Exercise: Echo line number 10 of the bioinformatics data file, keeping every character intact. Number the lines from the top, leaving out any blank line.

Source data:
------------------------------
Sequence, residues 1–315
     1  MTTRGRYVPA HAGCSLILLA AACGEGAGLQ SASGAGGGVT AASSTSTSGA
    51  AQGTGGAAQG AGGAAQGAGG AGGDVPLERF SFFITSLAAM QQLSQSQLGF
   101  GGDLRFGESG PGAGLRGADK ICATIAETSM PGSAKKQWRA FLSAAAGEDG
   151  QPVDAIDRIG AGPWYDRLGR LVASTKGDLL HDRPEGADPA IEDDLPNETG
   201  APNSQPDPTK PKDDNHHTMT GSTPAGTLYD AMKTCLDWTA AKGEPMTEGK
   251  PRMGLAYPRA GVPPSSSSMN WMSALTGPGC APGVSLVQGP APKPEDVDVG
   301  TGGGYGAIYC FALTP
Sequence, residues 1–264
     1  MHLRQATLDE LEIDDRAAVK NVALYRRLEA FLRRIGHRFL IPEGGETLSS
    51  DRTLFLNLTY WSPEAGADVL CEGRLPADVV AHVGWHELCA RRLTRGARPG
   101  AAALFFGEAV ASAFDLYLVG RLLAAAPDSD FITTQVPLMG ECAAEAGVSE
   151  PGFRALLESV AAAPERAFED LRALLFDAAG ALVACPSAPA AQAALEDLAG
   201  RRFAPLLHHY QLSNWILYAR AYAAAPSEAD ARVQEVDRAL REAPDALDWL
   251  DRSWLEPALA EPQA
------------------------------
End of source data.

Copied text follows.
     1  MHLRQATLDE LEIDDRAAVK NVALYRRLEA FLRRIGHRFL IPEGGETLSS